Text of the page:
** I find myself wondering if he has to go to the bathroom. They may also do something because of visual agnosia. Which is the inability to comprehend what they see. When that happens, they might very well urinate in a trash can or sink because they misinterpret it as a toliet. However, as the disease progresses, they do become active masturbaters. Now, while that may make a lot of people uncomfortable, the simple truth is, it is one of the few pleasures they have left and we just have to accept it. So if a person starts to masturbate, simply remove them to a private area. And finally, if you can't figure out the reason they are removing their clothes or exposing themselves, simply cover the person with a butcher apron. If they can't get to the clothing . . . the problem stops.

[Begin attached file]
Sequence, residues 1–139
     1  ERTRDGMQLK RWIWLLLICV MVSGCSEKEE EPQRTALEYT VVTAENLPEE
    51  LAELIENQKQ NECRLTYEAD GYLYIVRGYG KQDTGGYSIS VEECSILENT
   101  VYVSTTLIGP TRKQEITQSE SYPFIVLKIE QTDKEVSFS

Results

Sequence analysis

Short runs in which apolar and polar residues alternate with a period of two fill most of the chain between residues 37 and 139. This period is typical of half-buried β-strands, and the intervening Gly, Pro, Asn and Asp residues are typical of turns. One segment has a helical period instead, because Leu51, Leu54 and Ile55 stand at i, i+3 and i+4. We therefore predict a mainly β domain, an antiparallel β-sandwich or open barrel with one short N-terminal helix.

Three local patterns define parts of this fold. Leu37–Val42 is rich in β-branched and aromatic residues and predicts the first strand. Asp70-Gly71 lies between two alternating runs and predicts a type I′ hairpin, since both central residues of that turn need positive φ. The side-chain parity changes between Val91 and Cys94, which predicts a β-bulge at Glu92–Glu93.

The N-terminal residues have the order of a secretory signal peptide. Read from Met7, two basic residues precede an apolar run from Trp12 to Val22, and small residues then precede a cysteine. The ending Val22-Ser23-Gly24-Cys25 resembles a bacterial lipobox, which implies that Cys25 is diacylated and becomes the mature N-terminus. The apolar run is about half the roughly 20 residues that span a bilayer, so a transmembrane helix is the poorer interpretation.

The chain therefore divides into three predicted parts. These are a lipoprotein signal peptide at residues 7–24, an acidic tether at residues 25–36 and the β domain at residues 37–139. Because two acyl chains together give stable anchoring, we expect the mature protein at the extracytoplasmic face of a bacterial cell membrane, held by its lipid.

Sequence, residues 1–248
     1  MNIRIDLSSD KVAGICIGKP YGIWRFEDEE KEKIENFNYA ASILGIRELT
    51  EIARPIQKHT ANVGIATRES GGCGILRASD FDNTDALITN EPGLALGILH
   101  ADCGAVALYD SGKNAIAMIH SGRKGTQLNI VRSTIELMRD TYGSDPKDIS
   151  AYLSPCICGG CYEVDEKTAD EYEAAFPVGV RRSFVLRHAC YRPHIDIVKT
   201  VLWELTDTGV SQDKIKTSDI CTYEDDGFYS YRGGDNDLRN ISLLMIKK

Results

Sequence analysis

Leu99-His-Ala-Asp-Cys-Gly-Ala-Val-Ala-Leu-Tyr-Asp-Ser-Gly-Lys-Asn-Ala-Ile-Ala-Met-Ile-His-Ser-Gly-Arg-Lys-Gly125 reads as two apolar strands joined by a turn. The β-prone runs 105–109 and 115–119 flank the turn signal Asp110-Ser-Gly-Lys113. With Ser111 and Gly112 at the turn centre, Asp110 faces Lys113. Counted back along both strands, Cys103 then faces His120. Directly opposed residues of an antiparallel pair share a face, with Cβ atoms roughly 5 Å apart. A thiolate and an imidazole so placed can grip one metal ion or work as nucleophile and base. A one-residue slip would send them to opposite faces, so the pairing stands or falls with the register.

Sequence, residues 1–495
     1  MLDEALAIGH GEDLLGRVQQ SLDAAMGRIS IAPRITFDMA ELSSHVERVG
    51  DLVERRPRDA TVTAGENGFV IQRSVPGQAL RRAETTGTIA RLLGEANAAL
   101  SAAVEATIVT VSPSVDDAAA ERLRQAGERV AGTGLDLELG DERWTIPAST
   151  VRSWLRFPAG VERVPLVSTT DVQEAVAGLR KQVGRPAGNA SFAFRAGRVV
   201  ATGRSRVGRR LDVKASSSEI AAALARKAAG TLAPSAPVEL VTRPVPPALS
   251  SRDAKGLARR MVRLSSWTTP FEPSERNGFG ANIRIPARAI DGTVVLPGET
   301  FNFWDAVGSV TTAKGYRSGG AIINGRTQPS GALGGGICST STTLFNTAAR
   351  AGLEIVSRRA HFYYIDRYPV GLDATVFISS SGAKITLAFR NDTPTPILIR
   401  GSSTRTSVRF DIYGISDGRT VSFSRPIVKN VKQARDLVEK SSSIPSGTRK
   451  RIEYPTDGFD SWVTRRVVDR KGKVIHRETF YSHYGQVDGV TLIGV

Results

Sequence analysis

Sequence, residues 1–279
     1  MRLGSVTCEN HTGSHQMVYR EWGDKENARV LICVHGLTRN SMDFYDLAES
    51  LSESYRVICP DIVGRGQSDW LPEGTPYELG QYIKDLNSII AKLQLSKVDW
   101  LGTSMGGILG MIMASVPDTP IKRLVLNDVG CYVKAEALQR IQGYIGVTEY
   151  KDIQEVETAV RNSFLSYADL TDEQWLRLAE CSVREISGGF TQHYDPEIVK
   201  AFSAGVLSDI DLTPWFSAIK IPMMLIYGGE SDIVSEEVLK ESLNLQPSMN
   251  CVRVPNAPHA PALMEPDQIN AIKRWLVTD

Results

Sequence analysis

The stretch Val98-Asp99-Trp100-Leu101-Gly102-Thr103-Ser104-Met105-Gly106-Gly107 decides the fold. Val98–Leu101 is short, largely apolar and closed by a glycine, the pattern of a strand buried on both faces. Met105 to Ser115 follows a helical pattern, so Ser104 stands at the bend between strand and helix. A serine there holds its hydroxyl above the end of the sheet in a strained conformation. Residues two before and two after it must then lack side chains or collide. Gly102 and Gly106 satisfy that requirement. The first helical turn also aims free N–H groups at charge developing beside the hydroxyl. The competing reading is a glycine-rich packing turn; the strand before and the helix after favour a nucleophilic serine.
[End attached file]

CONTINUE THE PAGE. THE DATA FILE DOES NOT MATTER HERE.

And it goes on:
The 5 Things To Remember:

** Always introduce yourself

** Distract (when necessary)

** Look for the reason something is happening

** Be willing take things one step at a time, explaining everything as you go along. And finally . . . .

** Be creative.


I developed the 4 'r's from using Harriet Hodgsons methods, who designed these approachs to dealing with unwanted behaviors from experiences with her mother. For more information on how and why she developed these techniques, please look for her book called "Alzheimer's, Finding the Words".